THE STONE This is the second in a series of interviews about religion that I am conducting for The Stone. The interviewee for this installment is Louise Antony, a professor of philosophy at the University of Massachusetts at Amherst and the editor of the essay collection “Philosophers Without Gods: Meditations on Atheism and the Secular Life.” Gary Gutting: You’ve taken a strong stand as an atheist, so you obviously don’t think there are any good reasons to believe in God. But I imagine there are philosophers whose rational abilities you respect who are theists. How do you explain their disagreement with you?
Most moral enquiry – particularly metaethical enquiry – is conducted in an arse-backwards way. Most philosophers appear to look at morality from the inside-out. And I’d suggest this inside-out view of morality is hampering our ability to understand the nature of morality in all its glorious messy complexity. Ockham’s Beard
Taxonomy of the Logical Fallacies
Evolving Thoughts | Struggling with impermanence and vagueness in a complex world Welcome to my blog and website. This is where whatever passes through my forebrain in sufficient coherence gets put, as an aide memoir. It is unedited, unchecked and unneeded. I reserve the right to revise my posts to correct errors, but I’ll mark them as they happen, if I think of it. I am the Holy Profit of Chocolatism, which is not a religion (okay, it has a deity).
Rationally Speaking by Massimo PigliucciAs I mentioned before, this semester I’m teaching a graduate level seminar on David Hume, and having lots of fun with it. During a recent discussion of sections 4 and 5 of the Enquiry Concerning Human Understanding (“Sceptical doubts concerning the operations of the understanding” and “Sceptic al solutions of these doubts”) the concept of metaphysical necessity came up.As is well known, Hume wasn’t very keen on metaphysics in general. One of the most famous quotes by him (in section 12 of the very same Enquiry) says: “If we take in our hand any volume; of divinity or school metaphysics, for instance; let us ask, Does it contain any abstract reasoning concerning quantity or number? No.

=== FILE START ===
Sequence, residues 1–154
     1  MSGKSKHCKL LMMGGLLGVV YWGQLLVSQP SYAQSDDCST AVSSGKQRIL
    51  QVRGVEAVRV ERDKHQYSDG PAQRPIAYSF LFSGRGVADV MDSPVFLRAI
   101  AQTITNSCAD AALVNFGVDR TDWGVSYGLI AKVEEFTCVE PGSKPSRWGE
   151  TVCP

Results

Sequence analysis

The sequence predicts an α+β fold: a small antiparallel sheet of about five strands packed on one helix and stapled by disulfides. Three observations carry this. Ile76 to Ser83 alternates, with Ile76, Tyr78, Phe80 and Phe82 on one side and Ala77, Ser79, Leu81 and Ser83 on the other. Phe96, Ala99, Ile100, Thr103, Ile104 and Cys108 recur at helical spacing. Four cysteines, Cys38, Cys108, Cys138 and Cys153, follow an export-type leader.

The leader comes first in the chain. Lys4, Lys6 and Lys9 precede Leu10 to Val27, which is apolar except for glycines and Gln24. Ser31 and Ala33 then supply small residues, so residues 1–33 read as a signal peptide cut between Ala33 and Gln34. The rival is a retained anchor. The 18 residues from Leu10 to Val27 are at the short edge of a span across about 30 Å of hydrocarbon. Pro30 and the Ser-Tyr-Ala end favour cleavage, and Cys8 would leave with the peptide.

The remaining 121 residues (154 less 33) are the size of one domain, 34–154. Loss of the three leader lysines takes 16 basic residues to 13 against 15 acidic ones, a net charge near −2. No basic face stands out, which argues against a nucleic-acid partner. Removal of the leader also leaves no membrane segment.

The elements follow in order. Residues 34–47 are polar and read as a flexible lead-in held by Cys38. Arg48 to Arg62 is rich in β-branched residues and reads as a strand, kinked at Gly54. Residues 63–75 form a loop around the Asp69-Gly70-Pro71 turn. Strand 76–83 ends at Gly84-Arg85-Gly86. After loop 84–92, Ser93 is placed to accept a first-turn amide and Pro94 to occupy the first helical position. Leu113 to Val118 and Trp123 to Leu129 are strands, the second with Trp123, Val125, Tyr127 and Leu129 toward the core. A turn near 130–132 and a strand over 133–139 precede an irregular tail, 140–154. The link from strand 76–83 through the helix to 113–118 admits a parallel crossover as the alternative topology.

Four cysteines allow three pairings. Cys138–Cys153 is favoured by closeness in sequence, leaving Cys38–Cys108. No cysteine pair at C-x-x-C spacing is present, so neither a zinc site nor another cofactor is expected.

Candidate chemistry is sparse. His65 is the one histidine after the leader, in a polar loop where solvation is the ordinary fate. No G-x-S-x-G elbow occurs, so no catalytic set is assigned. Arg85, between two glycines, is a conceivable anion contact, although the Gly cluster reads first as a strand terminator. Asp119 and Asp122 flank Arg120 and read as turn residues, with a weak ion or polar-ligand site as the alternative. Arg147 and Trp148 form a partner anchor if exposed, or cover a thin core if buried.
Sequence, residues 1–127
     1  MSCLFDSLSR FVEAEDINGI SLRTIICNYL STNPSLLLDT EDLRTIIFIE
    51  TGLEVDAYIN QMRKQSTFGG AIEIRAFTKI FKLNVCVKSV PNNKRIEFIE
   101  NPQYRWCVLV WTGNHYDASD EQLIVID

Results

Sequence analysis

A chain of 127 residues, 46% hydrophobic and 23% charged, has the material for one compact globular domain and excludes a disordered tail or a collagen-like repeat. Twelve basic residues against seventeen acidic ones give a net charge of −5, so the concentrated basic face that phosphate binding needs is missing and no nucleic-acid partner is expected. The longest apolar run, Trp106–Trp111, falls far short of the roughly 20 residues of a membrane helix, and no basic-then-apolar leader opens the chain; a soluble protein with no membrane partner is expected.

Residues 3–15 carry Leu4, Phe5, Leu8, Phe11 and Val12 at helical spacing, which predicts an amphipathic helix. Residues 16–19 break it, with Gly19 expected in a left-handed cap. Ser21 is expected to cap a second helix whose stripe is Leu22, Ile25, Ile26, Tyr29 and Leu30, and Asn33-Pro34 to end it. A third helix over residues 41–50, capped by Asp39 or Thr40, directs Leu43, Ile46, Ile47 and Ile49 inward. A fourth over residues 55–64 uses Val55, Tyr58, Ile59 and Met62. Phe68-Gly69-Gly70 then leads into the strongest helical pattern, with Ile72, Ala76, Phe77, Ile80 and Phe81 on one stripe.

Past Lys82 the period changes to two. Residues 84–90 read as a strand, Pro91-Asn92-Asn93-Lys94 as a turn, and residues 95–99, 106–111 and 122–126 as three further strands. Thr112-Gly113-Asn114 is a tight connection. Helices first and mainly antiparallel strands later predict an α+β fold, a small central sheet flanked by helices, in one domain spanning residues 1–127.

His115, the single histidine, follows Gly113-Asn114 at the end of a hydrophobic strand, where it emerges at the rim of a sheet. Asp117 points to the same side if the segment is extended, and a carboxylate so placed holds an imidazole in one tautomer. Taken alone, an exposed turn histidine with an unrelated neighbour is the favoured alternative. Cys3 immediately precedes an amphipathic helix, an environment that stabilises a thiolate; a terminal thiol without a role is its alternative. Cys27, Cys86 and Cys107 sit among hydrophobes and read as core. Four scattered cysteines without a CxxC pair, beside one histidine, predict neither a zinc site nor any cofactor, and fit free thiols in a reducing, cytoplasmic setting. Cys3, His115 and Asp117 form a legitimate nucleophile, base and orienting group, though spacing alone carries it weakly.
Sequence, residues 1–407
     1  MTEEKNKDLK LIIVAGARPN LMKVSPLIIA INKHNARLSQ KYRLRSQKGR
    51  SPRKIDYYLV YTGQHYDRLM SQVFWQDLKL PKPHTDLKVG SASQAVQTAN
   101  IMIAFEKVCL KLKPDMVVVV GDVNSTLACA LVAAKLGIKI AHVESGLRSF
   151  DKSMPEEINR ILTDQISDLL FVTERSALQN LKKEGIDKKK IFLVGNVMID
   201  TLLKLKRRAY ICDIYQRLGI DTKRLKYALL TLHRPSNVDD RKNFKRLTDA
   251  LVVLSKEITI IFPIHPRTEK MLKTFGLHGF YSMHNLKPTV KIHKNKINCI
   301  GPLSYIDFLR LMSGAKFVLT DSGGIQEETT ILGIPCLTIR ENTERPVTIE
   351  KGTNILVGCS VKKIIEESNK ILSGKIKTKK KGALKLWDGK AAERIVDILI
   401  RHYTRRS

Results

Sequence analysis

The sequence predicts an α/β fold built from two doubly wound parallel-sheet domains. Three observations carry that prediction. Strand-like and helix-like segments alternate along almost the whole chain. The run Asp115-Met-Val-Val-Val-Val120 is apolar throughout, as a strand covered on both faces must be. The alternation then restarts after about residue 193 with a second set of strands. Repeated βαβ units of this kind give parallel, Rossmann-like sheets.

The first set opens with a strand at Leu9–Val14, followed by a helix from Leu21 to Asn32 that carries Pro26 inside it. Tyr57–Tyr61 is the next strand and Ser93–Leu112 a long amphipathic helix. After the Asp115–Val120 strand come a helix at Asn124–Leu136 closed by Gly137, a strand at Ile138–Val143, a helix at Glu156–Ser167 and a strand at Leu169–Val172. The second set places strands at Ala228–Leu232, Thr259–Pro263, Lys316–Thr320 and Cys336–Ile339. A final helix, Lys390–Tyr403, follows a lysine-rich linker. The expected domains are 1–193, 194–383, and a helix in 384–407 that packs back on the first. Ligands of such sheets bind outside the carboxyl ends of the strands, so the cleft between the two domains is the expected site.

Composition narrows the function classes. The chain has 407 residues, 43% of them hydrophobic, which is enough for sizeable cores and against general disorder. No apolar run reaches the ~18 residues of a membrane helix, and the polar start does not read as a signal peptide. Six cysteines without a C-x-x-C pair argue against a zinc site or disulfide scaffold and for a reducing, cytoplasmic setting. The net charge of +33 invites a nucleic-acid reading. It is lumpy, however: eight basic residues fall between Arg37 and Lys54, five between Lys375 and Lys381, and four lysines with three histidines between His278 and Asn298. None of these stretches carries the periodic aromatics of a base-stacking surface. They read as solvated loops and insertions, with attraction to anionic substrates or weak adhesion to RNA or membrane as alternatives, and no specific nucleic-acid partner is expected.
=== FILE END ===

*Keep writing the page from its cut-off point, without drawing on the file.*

Philosophical Disquisitions (Part One) This is the second in a two-part series looking at Robinson and Darley’s article “Does Criminal Law Deter? A Behavioural Science Investigation”. It is commonly thought that changes to the substantive criminal law (i.e. the rules about counts as a crime and how much punishment should be attached to the commission of crime) can have a deterrent effect. At least, many policy debates and legislative changes proceed on that assumption.
PhilPapers: Online Research in Philosophy
Stanford Encyclopedia of Philosophy Table of Contents abduction (Igor Douven) Abelard [Abailard], Peter (Peter King) Abhidharma (Noa Ronkin) abilities (John Maier) Abner of Burgos (Shalom Sadik) Abrabanel, Judah (Aaron Hughes) abstract objects (Gideon Rosen) accidental properties — see essential vs. accidental properties action (George Wilson and Samuel Shpall) action at a distance — see quantum mechanics: action at a distance in actualism (Christopher Menzel) adaptationism (Steven Hecht Orzack and Patrick Forber) Addams, Jane (Maurice Hamington) Adorno, Theodor W. (Lambert Zuidervaart) advance directives (Agnieszka Jaworska) Aegidius Romanus — see Giles of Rome Aenesidemus — see skepticism: ancient aesthetic, concept of the (James Shelley) aesthetics affirmative action (Robert Fullinwider) Africana Philosophy (Lucius T. Outlaw Jr.)